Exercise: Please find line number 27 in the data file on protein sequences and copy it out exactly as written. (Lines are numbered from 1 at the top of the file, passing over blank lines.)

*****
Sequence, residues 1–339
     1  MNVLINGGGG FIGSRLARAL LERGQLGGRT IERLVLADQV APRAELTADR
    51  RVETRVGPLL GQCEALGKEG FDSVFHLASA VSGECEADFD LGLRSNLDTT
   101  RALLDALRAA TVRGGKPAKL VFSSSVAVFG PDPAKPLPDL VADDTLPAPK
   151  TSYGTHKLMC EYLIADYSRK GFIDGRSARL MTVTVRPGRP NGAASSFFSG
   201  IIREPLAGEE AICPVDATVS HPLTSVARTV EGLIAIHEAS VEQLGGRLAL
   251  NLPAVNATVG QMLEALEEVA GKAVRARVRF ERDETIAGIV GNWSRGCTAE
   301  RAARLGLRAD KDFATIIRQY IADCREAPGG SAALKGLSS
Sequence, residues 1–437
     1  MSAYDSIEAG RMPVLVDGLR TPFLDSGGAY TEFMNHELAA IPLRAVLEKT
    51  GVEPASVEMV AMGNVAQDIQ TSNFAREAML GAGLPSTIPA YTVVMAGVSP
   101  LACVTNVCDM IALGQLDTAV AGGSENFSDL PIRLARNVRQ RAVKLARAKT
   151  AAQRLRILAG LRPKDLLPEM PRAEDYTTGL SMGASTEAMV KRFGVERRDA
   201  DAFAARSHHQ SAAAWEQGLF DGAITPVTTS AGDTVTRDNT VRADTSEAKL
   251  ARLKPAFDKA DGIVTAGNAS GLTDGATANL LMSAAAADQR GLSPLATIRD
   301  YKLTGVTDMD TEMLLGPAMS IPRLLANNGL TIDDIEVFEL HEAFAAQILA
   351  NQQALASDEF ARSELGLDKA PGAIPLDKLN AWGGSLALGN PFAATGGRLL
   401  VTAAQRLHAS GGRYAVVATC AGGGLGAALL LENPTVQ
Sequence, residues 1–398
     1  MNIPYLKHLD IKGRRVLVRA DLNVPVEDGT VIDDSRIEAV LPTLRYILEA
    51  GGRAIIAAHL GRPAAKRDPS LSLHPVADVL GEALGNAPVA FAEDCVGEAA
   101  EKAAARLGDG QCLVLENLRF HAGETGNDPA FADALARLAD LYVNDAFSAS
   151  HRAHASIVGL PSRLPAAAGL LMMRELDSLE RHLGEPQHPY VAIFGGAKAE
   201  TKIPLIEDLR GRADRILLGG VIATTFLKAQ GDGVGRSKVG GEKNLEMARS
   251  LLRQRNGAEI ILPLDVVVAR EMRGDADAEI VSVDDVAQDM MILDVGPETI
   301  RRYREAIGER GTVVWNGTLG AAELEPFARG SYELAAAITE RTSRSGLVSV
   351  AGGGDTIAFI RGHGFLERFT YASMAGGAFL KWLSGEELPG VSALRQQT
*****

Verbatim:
   351  AGGGDTIAFI RGHGFLERFT YASMAGGAFL KWLSGEELPG VSALRQQT